02 November 2015

Tokyo September 2015 - Part I Century Southern Tower, Shinjuku

Back in end September, hubby and I escaped to Tokyo for our annual Japan vacation! He bought the tickets a few months back when Delta Airlines had a good promotion, about $940 nett for 2. Like I mentioned again and again, Tokyo is one of my favourite cities in the world and I could never get tired of going :) And each time I go, I still experience new things and of course the same-old which I miss very much.

This time round, it's purely an eat and shop vacation without any onsen side trip in the outskirt area. I reckon the weather is not cold enough to fully enjoy soaking in onsen, ideally it should be minimally 15C and below for best experience. So the itinerary I planned upon reaching went something like this.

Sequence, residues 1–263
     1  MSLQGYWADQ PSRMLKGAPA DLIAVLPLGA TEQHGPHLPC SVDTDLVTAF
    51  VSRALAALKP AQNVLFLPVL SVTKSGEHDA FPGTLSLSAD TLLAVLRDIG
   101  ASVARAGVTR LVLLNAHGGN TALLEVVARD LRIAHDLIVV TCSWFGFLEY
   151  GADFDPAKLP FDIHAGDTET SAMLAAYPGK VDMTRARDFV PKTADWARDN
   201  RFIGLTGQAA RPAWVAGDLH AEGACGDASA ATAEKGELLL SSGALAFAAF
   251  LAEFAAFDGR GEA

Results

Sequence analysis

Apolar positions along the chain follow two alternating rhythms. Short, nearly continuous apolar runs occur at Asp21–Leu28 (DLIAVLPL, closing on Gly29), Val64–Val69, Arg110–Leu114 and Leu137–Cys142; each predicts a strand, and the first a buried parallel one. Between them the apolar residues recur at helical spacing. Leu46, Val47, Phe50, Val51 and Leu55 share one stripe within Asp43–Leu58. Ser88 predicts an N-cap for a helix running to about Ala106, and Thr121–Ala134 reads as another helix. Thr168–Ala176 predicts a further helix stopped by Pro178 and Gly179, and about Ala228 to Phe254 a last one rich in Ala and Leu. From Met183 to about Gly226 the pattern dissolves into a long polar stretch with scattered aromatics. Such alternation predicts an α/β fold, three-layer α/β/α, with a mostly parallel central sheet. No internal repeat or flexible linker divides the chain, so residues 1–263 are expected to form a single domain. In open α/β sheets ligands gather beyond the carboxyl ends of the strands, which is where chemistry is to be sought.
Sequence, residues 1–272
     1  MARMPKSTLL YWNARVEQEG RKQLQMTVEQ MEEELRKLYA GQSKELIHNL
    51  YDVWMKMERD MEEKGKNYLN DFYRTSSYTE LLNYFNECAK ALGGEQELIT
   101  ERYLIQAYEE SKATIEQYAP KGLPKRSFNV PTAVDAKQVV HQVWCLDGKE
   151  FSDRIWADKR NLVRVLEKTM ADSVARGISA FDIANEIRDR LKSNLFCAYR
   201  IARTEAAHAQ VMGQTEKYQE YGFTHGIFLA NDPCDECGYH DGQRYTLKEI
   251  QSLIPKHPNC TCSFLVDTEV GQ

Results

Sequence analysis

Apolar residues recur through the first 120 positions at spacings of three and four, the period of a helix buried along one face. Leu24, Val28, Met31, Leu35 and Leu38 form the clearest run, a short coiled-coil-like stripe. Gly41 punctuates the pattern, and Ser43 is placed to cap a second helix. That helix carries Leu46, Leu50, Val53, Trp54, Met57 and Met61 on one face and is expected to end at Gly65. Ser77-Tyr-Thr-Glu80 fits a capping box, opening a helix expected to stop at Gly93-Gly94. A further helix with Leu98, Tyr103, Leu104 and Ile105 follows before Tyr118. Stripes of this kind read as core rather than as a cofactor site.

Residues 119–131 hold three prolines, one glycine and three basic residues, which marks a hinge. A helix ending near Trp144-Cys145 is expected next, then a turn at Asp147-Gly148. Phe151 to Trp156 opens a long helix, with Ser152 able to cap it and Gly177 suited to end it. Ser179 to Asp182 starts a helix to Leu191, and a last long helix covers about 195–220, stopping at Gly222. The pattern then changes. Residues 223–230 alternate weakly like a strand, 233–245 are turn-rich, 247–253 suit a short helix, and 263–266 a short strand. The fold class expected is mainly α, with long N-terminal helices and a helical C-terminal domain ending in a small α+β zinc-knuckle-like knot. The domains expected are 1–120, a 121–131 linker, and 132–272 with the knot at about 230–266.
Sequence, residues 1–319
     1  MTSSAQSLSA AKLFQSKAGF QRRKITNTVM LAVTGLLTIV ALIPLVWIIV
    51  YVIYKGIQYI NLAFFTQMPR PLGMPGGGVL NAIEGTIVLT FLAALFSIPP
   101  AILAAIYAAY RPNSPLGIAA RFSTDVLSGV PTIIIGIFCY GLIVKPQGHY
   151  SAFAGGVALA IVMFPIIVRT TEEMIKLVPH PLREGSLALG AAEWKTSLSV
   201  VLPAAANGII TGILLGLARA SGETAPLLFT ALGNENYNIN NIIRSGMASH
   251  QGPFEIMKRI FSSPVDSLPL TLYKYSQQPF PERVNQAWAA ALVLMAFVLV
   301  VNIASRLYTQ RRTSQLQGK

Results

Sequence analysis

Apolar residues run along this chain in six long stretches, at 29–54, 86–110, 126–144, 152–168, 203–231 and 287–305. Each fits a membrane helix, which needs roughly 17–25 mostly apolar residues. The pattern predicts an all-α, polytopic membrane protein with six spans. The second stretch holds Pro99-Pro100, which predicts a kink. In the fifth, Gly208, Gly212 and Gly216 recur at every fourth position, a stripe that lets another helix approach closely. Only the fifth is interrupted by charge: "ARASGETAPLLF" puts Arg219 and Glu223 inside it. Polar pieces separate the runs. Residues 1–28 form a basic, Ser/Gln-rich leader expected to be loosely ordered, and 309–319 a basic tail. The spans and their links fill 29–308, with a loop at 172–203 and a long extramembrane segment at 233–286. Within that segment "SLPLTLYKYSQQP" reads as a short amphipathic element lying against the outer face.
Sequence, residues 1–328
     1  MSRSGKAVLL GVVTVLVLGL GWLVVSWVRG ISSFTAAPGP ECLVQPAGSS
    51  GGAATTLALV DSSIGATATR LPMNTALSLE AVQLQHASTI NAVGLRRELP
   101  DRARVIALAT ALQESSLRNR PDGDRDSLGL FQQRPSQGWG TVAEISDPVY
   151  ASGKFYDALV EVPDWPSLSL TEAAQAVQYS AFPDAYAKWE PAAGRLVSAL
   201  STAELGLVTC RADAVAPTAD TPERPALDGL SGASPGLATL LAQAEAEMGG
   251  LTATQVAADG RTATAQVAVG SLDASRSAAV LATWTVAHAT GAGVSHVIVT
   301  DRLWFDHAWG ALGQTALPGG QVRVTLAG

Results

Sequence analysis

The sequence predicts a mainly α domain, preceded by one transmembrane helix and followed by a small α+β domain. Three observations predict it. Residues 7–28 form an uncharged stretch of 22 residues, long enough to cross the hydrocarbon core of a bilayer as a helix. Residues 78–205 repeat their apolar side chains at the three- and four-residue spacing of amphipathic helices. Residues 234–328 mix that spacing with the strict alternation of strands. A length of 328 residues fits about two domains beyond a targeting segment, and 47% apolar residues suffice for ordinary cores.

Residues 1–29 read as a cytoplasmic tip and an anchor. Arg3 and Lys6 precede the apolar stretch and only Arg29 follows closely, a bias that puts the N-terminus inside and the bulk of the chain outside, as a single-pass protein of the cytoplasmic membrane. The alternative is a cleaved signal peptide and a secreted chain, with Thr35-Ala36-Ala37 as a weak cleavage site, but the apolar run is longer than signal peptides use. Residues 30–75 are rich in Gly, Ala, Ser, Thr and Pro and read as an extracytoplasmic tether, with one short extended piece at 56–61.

Day 1 - Shinjuku, Tokyu Hands and Kinokuniya
Day 2 - Shinjuku, Uniqlo, Muji. Roppongi
Day 3 - Jiyugaoka, Shibuya
Day 4 - Aoyama Flower Market, Kappabashi, Harajuku
Day 5 - Kichijoji, Harajuku
Day 6 - Shinjuku, Takashimaya, Don Quijote

Will be blogging in 6 parts as follow:

Part I - Century Southern Tower, some Shinjuku area
Part II - Food in Tokyo
Part III - Jiyugaoka, Musashi-Kosugi 
Part IV - Aoyama Flower Market, Kappabashi, Harajuku 
Part V - Kichijoji

Part VI - Shopping haul